Wasted lives

At least 39 people were killed because we claim to be a democratic republic where the voice of the people – rich or poor –is reflected in the ballot.

Since there were “fewer deaths,” the Philippine National Police (PNP) declared that barangay and Sangguniang Kabataan (SK) elections were considered generally peaceful.

Officials of the Commission on Elections (Comelec) even congratulated themselves for having successfully implemented the so-called gun ban.

It will always be a job well done as far as the authorities were concerned even if the record showed that there were 78 election-related incidents during the past two months.

If we look it, it’s not their fault that some people tend to become violent during the campaign. Anyway, if there was really an increase in election-related incidents, it will soon be forgotten and the victims will eventually become mere statistics in the annals of electoral history of this freedom-loving nation.

We are lucky to have a popular President who had promised reforms. I’m sure the electoral process is one of them, so we just have to contend with these recent deaths, all related to our being democrats, democratic with respect to debate and liberal in treating antagonisms that lead to murders here and there.

In short, these instances of violence were part of the democratic exercise, with thugs campaigning with their bullets and the hapless victims dying for their principles, which are no different from the ones espoused by their murderers.

Perhaps, it would be different in 2013 when the P-Noy has finally leveled the playing field in electoral politics. If he fails, then the forthcoming midterm elections may just as be as highly competitive as the hunt for gold nuggets in the Wild West, where each man exercises his right to kill in the pursuit of his greed..

The pious would hope prayers would reduce electoral deaths but the malevolent spirits in this benighted land are guided less by their passion than by their avarice, to corner the internal revenue allotments (IRA) and make their 20 percent for each project meant to improve the lives of the destitute.

By then, expect the same uncontrolled flood of self-congratulation to continue ad nauseam. What they will be saying is that we are all lucky since deaths will be few and democracy shall have been made stronger.

In the meantime, just sit back and relax. Watch television, listen to the radio and read your newspaper and accept the fact that whenever we want to exercise our right to suffrage, we can’t avoid the tragedies of democracy, or the pratfalls of electoral politics based on the monopoly of IRA.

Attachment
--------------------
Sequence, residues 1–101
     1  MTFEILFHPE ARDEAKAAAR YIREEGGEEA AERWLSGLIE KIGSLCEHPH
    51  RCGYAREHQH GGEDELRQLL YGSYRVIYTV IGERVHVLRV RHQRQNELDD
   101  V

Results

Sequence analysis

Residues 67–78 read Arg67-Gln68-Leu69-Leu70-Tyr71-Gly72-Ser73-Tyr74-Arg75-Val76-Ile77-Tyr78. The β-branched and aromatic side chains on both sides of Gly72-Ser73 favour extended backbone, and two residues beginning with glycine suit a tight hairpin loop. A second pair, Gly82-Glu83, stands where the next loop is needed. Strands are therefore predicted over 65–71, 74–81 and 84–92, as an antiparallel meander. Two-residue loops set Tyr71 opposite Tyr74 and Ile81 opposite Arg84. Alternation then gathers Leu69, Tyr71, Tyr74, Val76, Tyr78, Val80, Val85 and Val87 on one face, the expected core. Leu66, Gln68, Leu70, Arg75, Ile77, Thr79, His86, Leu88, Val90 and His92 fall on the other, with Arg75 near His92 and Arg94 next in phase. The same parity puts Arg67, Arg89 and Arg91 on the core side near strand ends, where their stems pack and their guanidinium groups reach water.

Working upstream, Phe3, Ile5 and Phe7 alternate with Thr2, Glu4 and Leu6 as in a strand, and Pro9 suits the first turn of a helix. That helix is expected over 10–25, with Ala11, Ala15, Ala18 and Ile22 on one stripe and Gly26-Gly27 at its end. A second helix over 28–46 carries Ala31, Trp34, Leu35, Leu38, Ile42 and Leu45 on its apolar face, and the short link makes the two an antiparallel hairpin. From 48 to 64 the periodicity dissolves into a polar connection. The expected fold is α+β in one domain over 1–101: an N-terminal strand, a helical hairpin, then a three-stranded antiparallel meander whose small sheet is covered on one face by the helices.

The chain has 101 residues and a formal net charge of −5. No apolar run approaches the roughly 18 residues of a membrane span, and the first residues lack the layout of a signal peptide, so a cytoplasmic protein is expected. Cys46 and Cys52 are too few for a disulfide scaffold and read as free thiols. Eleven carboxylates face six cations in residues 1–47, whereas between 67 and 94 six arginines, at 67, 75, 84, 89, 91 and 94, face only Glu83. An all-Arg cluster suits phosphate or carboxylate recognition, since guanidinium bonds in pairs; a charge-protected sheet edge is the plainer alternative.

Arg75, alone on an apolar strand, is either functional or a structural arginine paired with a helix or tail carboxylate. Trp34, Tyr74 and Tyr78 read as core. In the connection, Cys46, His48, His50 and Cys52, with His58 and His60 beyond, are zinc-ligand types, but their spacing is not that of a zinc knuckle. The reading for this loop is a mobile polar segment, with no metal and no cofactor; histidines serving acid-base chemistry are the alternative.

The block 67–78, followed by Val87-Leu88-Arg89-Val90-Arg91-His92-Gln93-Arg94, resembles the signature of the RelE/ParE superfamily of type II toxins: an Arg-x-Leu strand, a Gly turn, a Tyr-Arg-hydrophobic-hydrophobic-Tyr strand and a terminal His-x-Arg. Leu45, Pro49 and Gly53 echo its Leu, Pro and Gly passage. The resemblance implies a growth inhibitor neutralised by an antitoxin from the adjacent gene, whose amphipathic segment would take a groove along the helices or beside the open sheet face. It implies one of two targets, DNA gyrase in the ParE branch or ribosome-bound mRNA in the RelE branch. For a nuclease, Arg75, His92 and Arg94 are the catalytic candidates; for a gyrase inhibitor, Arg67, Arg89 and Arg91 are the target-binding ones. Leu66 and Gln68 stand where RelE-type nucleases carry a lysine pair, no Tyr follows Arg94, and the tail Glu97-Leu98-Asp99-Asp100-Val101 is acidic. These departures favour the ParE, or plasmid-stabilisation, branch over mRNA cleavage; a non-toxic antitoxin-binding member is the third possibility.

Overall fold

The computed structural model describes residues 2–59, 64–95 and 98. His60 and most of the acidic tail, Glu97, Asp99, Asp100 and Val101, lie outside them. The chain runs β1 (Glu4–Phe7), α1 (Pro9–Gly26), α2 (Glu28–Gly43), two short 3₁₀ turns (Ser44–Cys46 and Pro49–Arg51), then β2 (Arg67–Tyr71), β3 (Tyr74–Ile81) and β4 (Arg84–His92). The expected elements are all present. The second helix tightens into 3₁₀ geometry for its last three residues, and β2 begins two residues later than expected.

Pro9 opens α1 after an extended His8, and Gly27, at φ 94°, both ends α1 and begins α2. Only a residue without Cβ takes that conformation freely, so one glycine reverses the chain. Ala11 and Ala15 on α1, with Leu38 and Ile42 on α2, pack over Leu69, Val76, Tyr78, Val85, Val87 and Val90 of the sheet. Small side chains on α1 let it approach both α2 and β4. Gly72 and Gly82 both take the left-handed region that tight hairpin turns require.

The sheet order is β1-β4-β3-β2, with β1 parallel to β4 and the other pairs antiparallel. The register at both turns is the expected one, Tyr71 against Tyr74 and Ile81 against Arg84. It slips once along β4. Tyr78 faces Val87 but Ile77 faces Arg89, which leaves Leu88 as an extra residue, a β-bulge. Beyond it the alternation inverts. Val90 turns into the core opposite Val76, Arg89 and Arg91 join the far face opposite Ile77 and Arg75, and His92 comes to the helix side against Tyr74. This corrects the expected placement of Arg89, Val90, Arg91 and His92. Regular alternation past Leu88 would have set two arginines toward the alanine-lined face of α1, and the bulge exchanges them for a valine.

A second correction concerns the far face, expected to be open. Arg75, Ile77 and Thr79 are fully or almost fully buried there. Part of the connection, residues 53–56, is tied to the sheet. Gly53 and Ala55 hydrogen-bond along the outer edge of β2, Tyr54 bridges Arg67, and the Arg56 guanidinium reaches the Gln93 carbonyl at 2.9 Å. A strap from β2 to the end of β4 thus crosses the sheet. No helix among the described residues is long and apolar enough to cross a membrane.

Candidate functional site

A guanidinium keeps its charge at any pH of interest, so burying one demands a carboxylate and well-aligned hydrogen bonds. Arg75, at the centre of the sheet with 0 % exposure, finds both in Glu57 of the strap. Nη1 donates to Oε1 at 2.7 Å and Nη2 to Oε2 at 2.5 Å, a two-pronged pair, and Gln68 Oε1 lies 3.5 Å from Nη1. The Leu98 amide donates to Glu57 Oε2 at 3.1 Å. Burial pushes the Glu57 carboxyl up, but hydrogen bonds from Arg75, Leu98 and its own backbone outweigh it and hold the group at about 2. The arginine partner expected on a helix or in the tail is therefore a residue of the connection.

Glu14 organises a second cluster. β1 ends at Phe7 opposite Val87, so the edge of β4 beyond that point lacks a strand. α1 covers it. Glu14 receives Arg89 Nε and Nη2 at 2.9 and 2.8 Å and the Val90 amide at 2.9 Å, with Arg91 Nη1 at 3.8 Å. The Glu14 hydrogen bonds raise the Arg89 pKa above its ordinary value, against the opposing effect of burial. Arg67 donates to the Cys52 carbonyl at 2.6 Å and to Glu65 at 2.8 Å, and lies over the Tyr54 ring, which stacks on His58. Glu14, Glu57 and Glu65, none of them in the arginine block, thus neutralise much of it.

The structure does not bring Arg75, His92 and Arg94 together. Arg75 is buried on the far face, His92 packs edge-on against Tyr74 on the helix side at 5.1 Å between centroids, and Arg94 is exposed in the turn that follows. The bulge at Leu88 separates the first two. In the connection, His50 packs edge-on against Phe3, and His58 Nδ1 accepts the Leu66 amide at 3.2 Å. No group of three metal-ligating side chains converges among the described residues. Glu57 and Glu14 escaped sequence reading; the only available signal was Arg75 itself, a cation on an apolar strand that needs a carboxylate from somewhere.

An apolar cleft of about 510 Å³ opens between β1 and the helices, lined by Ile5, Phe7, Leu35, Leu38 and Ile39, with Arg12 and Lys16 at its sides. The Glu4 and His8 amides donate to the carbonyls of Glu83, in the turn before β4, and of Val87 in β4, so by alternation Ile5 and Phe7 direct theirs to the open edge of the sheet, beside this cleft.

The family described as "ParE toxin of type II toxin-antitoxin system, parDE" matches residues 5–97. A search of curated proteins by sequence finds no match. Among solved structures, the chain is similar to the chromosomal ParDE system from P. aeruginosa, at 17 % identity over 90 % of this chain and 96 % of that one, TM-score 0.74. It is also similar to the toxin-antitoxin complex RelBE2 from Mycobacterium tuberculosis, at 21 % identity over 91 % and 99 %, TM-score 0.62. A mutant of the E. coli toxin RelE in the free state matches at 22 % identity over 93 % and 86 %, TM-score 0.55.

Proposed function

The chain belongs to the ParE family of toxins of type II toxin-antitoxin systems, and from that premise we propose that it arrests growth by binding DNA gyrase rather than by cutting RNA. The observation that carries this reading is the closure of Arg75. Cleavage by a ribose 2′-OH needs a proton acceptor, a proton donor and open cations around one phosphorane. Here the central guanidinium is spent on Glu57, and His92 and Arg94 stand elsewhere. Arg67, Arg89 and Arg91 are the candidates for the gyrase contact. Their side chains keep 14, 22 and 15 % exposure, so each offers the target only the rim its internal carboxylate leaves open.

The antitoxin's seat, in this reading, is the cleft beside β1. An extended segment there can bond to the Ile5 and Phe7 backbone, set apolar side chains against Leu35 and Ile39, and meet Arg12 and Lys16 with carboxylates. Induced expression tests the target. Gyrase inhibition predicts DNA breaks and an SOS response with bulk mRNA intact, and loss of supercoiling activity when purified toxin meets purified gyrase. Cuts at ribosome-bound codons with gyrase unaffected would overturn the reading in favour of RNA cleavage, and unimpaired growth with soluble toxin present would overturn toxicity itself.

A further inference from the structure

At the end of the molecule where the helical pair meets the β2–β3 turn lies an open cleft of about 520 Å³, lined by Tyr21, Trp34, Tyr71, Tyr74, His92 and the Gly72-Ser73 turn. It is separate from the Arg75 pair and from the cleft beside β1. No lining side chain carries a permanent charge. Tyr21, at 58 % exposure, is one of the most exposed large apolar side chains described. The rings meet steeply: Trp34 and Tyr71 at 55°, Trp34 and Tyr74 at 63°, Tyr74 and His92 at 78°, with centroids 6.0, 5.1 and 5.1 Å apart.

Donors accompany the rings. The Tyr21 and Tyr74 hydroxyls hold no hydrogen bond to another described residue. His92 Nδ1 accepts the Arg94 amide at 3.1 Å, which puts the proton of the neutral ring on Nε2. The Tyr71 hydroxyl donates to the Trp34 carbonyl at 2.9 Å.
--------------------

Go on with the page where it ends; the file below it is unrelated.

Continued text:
If we’re not satisfied with the government’s performance in the recent elections, we can just compare it to a passing typhoon like Juan, which reportedly killed 19 people. In a Third World country like the Philippines, tragedy always happens. Anyway, the death toll in the recent typhoons was nothing since the government actually reduced the number of fatalities.

Again, authorities should be congratulated for a job well done, a job that they were tasked to do and have been doing for decades.

We can’t blame anyone for typhoon because it was supposed to be nature at work and the good men and women in the bureaucracy should even be hailed for the good job of preparing for the typhoons. Since they prepared well, then all their actions are justified.

Being efficient is another thing since nature has nothing to do with it.

Government has been liberal with self-praise but sorely lacking in rational analysis of how damage can be minimized, how people should be saved from sure death and why the country still lost P11 billion during the few days that Juan wrought havoc in Luzon.

Perhaps, we should just blame the media. People were glued on television and the radio for news –good or bad – whenever there is a typhoon or elections. Or just castigate the broadsheets for savoring on controversies since they have a highly-perishable product to sell. The tabloids are even more unrepentant because their newsmen enjoy coming out with reportage on scandals and violence.

In that case, we can’t blame anybody. Not even the violent politicians and their cohorts because they did it because they want to serve the country. They are even forced to harass their constituencies or buy votes just to ensure their victory. We just have to contend with wasted lives. Their relatives are free to visit their graves any day of the week and honor them on Nov. 1 or any day they wish, even if they are not safe from ambushers springing a surprise in the serenity of the cemetery. Joel Paredes

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